For vote when gays were abused, U.S. bars Tanzanian visas

Outgoing U.S. Secretary of State Mike Pompeo used some of his last minutes in office to impose visa restrictions on Tanzanian officials “responsible for or complicit in undermining Tanzania’s October 28, 2020, general elections,” in which homosexuals were harassed and civic space repressed.


From the African Human Rights Media Network


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Paul Makonda (Photo courtesy of The Guardian)

By Kikonyogo Kivumbi

It will be seen as a strong signal to Uganda, Tanzania’s neighbour in which civil society and human rights defenders are being intimidated following the Jan. 14 Presidential and Parliamentary elections.

Pompeo’s last-minute action also sends a message to Uganda at a time when the Ugandan government has accused current U.S. Ambassador Natalie E Brown of subversion. She was stopped from visiting Presidential candidate Robert Kyagulanyi, also known by his stage name Bobi Wine, at his home on the outskirts of the capital, Kampala, as the embassy said in a statement late on Monday. Bobi Wine has said that he is under house arrest.

Pompeo’s official statement declared:

“Today (January 19) , the United States is announcing visa restrictions on Tanzanian officials responsible for or complicit in undermining Tanzania’s October 28, 2020, general elections. The actions of these officials subverted the electoral process, continuing the downward trajectory of the country’s democracy,” the statement reads.

It added: “Election observers and civil society noted widespread irregularities as well as human rights abuses and violations before, during, and after the election. Opposition candidates were routinely disqualified, harassed, and arrested. Significant and widespread voting irregularities, internet disruptions, intimidation of journalists, and violence by security forces made this election neither free nor fair. Civil society leaders remain under threat in the post-election period, and opposition leaders have fled the country out of fear for their safety.”

Natalie E. Brown, U.S. Ambassador to Uganda

“We urge the Government of Tanzania to reverse course and hold accountable those responsible for the flawed election, violence, and intimidation. The United States will continue to closely follow developments in Tanzania and will not hesitate to take additional actions against individuals complicit in undermining democracy and violating human rights. Finally, we emphasize that today’s actions are not directed at the Tanzanian people. We commend Tanzanians who participated in the election peacefully and in good faith, and we will work together with all those committed to advancing democracy, human rights, and mutual prosperity,” Pompeo noted in the statement.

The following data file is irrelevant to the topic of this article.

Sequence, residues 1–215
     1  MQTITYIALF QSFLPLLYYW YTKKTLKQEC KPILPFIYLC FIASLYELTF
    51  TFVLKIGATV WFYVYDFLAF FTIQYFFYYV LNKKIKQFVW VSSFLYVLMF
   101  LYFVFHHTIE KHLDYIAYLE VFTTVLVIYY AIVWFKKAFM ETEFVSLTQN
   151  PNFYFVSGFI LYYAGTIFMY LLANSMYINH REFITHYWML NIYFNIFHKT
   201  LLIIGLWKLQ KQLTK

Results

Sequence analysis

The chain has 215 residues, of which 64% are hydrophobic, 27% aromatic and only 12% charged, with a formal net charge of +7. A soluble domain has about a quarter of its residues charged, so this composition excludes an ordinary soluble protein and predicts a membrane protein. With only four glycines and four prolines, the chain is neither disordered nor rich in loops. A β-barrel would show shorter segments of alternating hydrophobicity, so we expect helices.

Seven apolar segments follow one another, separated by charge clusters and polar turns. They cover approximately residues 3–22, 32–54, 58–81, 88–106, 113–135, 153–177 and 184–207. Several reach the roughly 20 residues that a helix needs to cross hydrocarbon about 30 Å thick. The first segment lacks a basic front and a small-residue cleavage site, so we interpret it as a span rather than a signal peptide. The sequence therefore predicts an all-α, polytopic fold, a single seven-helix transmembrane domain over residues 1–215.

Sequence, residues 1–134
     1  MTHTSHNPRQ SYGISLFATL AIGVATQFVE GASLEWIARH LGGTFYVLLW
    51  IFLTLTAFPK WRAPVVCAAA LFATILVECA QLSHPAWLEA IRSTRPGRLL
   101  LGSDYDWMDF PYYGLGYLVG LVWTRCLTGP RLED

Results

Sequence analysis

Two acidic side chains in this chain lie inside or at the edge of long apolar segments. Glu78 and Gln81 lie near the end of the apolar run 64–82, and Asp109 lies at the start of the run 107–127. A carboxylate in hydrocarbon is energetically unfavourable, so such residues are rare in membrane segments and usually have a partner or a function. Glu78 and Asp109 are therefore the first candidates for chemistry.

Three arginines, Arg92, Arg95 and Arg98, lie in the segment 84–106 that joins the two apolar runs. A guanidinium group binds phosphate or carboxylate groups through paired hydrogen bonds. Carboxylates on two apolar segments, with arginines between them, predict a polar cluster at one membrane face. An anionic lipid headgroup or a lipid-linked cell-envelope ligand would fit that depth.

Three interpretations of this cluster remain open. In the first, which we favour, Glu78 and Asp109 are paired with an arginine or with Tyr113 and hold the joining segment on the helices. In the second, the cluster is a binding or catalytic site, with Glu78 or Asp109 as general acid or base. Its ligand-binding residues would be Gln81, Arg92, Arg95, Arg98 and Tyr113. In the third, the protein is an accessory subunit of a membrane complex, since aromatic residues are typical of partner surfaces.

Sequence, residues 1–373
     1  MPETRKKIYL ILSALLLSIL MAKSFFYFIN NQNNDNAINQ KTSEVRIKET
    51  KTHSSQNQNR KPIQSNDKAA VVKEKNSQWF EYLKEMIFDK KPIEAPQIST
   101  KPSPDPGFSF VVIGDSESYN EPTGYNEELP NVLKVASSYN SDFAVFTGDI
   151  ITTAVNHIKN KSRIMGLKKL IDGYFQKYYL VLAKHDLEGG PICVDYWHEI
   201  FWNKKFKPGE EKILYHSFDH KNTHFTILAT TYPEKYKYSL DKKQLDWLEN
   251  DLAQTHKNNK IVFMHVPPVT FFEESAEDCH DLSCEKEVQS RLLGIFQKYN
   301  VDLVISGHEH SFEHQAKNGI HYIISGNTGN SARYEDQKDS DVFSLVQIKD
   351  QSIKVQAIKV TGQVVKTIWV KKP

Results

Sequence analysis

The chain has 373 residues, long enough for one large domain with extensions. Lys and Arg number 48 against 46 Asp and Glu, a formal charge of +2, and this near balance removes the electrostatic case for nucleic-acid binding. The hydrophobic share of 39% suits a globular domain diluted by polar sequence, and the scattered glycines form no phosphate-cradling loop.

Pompeo did not name any specific Tanzanians who would be penalized.

U.S. Secretary of State Michael R. Pompeo, who issued the public designation banning Paul Makonda from visiting the United States. (Photo courtesy of AP)

Previous sanctioning of Tanzanian leaders

Earlier last year, the United States banned Paul Makonda from visiting the country for his role in a crackdown on homosexuals. The U.S. State Department said it was taking the action against Makonda, the administrative chief of the Tanzanian capital, “due to his involvement in gross violations of human rights, which include the flagrant denial of the right to life, liberty, or the security of persons.”

The global Human Rights Watch advocacy group published a statement last year detailing repression of human rights and freedoms in Tanzania. The Human Rights Watch statement noted that crackdowns on LGBT Tanzanians and the advocates for their human rights and health have been ongoing since 2016. The repression gained international notoriety in 2018, when Makonda urged the public to report anyone they thought was a homosexual.

President John Magufuli (second from right) and Vice President Samia Suluhu Hassan (second from left) at the swearing- in ceremony for Magufuli’s second term in office.

Kikonyogo Kivumbi, the author of this article, is the executive director of the Uganda Health and Science Press Association.

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Written by Colin Stewart

Colin Stewart is a 45-year journalism veteran living in Southern California. He is the president of the St. Paul’s Foundation for International Reconciliation, which supports LGBTQ+ rights advocacy journalism, Erasing 76 Crimes. Contact him at [email protected]

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